Dry lay the cinder blocks. No Mortar. No rebar.
Clad the unit w/ your plaque, which is KILLER BTW, and 3 other panels done the same way.
Cap the top w/ overhang.
If you'd like you could run 12 Volt wiring out and hook up a lantern or go solar.
Solar I'd use a remote collector for maximum light.
A 3 LED collector would easily power one for the night.

Ric
“The pain I feel now is the happiness I had before. That's the deal.”
C.S. Lewis
Image1AnjL
Apr 1, 2010 9:57 AM CST
Name: AnjL/Annmarie
CA Sierra Mts
I love the plaque!

also I agree with Ric. We have a cinder block raised garden bed. Ours is mortared in, and on a footing so that it doesnt sink into the ground over years of rain. It will be filled with cement and capped, but right now its only partially filled. It holds a LOT of soil and we've had no problems yet...even without the cement filling. So I think for your sign you could dry lay on a pad and it would last for years.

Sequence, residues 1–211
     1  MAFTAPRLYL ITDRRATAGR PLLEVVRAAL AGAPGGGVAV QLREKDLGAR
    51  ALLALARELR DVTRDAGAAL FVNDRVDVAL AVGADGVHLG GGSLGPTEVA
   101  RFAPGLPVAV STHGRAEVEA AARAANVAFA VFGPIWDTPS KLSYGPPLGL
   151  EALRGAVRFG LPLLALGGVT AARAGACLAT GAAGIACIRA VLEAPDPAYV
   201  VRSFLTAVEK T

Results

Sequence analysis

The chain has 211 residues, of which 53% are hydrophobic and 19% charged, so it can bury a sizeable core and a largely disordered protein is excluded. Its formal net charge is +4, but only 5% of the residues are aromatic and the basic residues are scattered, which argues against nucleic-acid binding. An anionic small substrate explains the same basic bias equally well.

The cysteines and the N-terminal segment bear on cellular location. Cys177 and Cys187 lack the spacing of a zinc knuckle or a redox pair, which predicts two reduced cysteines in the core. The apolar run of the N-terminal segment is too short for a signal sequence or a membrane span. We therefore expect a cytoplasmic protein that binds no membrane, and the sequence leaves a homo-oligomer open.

Also on the plant, maybe find a pot that fits into the cinder block hole?

excuse the mess...but here's our veggie garden

Thumbnail by 1AnjL

All Things Hobby
All the coffee in Columbia will never make me a morning person!
ImageHenryr10
Apr 1, 2010 7:57 PM CST
Name: Ric
Cincinnati, Oh
You could raise carrots in sand in the cinder block holes.....
“The pain I feel now is the happiness I had before. That's the deal.”
C.S. Lewis
Image1AnjL
Apr 1, 2010 7:58 PM CST
Name: AnjL/Annmarie
CA Sierra Mts
really?! I was thinking of strawberries .... but what about potatoes? in straw maybe?
All Things Hobby
All the coffee in Columbia will never make me a morning person!
ImageHenryr10
Apr 1, 2010 9:46 PM CST
Name: Ric
Cincinnati, Oh
Strawberries would be great too!
“The pain I feel now is the happiness I had before. That's the deal.”
C.S. Lewis
Imagercn48
Apr 2, 2010 3:42 AM CST
Name: Debbie
Lexington, VA
Arghhhh! I had almost finished a lengthy post, hit the wrong key and lost everything - let's try this again. Grumbling

Thanks everyone! DH says I'm "overthinking" this but because it took me two attempts to make the plaque I want to make sure I get the second part of the project right the first time! I had been thinking about how I was going to get started on the plaque and saw this terrific Creative Idea from Lowes - a stone bath mat,